Tumblelog by Soup.io
Newer posts are loading.
You are at the newest post.
Click here to check if anything new just came in.

June 07 2010

19:26

Apple’s impact: What Steve Jobs’ WWDC announcements mean for the news industry’s mobile strategy

Apple CEO Steve Jobs just stepped off the stage in San Francisco at this year’s Worldwide Developer Conference. His announcements focused squarely on the new iPhone 4, about which you’ll find no shortage of information at Apple’s site and elsewhere online.

But what do Apple’s announcements mean for the news industry, which increasingly looks to mobile product — Apple’s in particular — as a new delivery mechanism and (fingers crossed) a revenue driver? Here are five takeaways from Jobs’ keynote that will have an impact on news organizations.

Apple’s spate of satire- and morals-related rejections of apps rejected from the App Store appear to be a pretty low priority for the company.

Apple’s come under a lot of criticism from developers for how it manages its App Store, the major platform for reaching iPhone, iPod touch, and iPad owners. An Apple rejection can mean the investment of building an app is rendered worthless, and it’s not always clear why, precisely, an app is being rejected.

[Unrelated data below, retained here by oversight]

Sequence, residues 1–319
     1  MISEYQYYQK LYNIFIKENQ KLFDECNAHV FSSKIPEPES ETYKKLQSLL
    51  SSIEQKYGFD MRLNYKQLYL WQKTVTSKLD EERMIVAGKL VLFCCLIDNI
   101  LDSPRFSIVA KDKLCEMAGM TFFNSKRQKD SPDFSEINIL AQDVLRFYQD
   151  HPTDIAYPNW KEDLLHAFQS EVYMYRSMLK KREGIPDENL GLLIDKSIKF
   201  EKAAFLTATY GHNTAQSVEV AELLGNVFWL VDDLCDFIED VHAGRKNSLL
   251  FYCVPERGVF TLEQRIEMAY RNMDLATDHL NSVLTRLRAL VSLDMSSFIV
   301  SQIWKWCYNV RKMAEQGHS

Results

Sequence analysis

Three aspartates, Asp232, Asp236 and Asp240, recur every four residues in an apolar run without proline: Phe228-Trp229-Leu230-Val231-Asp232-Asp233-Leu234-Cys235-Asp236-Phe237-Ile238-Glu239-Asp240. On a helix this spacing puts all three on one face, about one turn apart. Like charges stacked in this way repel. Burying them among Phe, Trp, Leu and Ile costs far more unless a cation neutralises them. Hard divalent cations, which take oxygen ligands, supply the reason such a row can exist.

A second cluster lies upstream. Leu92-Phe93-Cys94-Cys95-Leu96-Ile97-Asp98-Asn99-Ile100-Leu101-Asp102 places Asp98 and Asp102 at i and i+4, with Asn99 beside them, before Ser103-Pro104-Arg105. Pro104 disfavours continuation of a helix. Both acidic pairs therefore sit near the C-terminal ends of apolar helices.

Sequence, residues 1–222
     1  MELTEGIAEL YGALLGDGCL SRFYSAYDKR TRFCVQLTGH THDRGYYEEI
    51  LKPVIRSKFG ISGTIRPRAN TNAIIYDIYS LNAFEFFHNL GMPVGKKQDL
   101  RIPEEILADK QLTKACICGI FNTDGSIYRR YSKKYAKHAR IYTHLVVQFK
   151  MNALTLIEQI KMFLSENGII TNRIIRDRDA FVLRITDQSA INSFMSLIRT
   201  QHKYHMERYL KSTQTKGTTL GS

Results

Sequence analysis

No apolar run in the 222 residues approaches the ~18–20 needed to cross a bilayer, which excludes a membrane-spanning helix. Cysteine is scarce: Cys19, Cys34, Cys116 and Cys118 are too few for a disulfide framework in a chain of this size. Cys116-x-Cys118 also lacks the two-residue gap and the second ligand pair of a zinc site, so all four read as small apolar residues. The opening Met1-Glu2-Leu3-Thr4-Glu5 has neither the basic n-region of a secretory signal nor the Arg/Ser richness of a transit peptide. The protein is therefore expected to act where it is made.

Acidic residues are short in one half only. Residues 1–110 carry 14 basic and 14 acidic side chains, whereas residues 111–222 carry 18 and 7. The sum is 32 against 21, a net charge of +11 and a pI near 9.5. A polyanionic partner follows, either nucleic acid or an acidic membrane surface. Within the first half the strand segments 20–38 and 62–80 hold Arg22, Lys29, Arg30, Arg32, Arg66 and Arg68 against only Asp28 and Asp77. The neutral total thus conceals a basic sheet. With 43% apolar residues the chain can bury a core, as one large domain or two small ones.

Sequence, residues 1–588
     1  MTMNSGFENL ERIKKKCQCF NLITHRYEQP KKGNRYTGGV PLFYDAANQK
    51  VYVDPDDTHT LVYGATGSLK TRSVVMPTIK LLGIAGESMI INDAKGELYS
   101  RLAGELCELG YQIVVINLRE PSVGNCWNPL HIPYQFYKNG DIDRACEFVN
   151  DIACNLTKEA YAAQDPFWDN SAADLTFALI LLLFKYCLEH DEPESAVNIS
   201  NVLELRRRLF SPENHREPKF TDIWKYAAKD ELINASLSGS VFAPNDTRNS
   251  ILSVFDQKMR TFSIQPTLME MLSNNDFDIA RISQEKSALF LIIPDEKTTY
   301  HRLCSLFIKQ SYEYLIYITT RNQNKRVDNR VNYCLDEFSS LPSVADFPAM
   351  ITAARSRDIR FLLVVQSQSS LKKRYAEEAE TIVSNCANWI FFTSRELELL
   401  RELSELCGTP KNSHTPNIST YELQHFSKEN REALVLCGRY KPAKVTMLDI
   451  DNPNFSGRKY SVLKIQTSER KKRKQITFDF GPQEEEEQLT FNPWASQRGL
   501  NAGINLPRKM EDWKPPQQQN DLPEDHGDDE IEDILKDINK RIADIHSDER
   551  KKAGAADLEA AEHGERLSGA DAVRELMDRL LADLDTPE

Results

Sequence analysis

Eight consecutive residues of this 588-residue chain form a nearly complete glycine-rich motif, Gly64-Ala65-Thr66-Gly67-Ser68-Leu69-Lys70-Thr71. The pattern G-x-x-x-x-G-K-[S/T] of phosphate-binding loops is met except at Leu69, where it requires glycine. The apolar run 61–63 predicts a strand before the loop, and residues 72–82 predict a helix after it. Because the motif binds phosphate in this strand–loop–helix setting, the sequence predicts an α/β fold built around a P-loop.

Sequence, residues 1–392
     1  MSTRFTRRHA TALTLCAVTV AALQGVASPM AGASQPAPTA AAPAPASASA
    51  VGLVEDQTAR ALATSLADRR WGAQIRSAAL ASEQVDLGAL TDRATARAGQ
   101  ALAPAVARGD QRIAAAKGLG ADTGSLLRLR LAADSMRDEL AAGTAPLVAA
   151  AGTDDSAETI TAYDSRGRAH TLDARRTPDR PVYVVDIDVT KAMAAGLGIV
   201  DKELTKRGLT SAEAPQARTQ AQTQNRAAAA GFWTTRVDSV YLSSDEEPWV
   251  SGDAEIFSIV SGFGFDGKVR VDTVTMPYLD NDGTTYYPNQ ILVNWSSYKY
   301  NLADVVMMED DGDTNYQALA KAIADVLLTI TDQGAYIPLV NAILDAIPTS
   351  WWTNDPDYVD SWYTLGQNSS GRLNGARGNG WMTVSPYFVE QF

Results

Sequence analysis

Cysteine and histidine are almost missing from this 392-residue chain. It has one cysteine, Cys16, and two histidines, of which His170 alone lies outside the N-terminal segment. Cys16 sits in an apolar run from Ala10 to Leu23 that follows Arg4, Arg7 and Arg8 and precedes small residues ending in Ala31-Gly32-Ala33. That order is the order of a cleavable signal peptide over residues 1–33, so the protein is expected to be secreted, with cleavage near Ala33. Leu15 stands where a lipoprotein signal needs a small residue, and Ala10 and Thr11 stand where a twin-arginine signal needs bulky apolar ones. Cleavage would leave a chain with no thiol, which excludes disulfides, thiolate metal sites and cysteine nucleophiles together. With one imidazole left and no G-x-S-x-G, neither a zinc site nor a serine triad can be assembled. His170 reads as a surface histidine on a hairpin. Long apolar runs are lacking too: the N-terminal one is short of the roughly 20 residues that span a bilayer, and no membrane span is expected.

Here’s what Jobs had to say about the App Store approval process, paraphrasing from gdgt’s liveblog of the event:

We get about 15k apps submitted every week. They come in up to 30 different languages. Guess what: 95% of the apps submitted are approved within 7 days. What about the 5% that aren’t? Why don’t we approve them? Let me give you the three top reasons.

The number one reason: it doesn’t function as advertised. It doesn’t do what the developer says it does, so we tell the developer to change the app or the description.